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A Podiatrist Who is a Certified Coder?

One of the stranger videos I have seen in the ongoing saga of claimed Medicare reimbursement for amniotic fluid used to treat orthopedic problems is one created by a Podiatrist who states he’s a certified coder. Let’s analyze what’s being said.

The is a podiatrist named Jeff Lehrman. He gave a webinar for BioLabs supporting their idea of Medicare reimbursement for orthopedic indications. If anyone has any info on how Dr. Lehrman is connected to BioLabs, please don’t hesitate to write me at [email protected] This is from his webinar:

jeffrey lehrman dpm cpm 1

This statement that Medicare billing information should come from CMS is reasonable. However, then Jeff, like the last BioLabs video, IMHO, goes off the rails. He begins talking about his experience in attending Medicare HCPCS meetings where Q codes are granted. He then states:

jeffrey lehrman dpm cpc

So let’s review what’s being said here, as this is the major crux of Jeff Lehrman’s presentation and BioLabs thesis of why it’s OK to bill Medicare for their Fluid Flow product to treat things like knee arthritis and back pain. BioLab claims that since they submitted an application to Medicare that their amniotic product can be used to treat certain things and that this was rubber-stamped in a Q-code granting session, then Medicare MUST pay for its use in those indications. So what did that application say? Here is the wording:

“The patient population indicated for use of Fluid Flow and Fluid GF include acute and chronic wounds and soft tissue injury, muscle and meniscus tears, ligament and tendon sprains, degenerative tissue disorders and inflammatory conditions (tendonitis and fasciitis)”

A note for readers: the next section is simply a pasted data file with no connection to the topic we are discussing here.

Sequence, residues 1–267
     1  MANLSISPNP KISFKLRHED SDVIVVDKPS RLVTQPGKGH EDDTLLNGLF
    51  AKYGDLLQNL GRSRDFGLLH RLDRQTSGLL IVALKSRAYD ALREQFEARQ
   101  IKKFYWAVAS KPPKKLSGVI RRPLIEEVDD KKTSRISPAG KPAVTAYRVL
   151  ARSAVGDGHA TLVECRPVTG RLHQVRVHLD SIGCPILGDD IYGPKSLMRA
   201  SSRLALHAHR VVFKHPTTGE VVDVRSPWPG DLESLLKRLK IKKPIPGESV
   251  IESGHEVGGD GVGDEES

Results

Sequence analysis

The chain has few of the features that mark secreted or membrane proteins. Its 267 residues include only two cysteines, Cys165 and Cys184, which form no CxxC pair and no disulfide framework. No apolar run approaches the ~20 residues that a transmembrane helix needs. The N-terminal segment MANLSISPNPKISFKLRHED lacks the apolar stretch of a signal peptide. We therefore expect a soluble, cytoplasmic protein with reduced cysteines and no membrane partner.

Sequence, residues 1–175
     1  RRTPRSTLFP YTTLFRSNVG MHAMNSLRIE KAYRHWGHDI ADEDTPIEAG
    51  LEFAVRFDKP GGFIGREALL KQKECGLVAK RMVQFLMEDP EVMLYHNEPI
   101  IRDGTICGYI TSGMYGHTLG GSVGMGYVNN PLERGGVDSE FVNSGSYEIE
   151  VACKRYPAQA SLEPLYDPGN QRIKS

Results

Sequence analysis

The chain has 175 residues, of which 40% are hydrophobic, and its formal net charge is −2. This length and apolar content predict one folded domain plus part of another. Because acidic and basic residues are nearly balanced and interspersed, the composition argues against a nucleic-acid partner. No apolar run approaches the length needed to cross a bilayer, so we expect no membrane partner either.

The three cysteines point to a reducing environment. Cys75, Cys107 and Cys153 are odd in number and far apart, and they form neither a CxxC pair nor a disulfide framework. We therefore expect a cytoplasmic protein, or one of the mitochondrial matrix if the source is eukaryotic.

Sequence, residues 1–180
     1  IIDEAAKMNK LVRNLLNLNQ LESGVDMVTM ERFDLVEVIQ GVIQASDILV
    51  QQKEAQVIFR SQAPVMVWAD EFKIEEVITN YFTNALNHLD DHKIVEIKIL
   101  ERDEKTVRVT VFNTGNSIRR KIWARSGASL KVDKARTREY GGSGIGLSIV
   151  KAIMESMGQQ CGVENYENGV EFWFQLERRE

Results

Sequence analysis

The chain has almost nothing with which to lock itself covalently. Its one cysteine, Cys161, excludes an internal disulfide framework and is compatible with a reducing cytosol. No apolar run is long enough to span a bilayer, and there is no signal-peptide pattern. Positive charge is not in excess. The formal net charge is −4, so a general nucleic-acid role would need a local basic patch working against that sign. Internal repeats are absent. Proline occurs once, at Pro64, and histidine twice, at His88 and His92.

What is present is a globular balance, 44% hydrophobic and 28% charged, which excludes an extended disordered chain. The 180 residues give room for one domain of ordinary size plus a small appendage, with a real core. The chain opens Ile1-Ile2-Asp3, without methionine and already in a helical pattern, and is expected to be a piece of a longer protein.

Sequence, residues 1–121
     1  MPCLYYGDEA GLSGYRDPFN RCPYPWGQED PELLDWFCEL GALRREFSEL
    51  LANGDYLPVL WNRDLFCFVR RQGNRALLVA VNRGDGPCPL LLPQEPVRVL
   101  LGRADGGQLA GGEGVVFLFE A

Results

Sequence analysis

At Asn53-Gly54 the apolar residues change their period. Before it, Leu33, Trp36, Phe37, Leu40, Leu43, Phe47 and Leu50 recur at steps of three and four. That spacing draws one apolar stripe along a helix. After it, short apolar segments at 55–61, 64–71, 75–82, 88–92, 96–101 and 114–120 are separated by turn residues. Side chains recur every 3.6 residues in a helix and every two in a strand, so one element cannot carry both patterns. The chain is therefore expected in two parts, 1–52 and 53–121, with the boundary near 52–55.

So what part of this application was “heavily scrutinized and vetted”? Let’s vet that vetting by looking at two critical categories:

  • Regulatory
  • Clinical Evidence

Let’s dive into each.

Regulatory

Was the CMS panel that “heavily scrutinized and vetted” this application looking at regulatory issues? BioLab Fluid Flow has a simple, 45-minute 361 tissue registration. Intended use clinical indications like the ones above are not permitted by FDA for this product type. In fact, by BioLabs putting in writing that FluidFlow is intended to be used to treat something like meniscus tears, that assertion changes the regulatory status of this product. IMHO it takes it from a registered tissue to an unapproved drug product that would take years of clinical trials to be able to make that claim. BioLabs has included almost a dozen indication claims in this application and each one requires extensive FDA-approved trials to support. Hence, we can rest assured that the CMS panel that approved this application never “heavily scrutinized and vetted” the regulatory issues here.

Clinical Evidence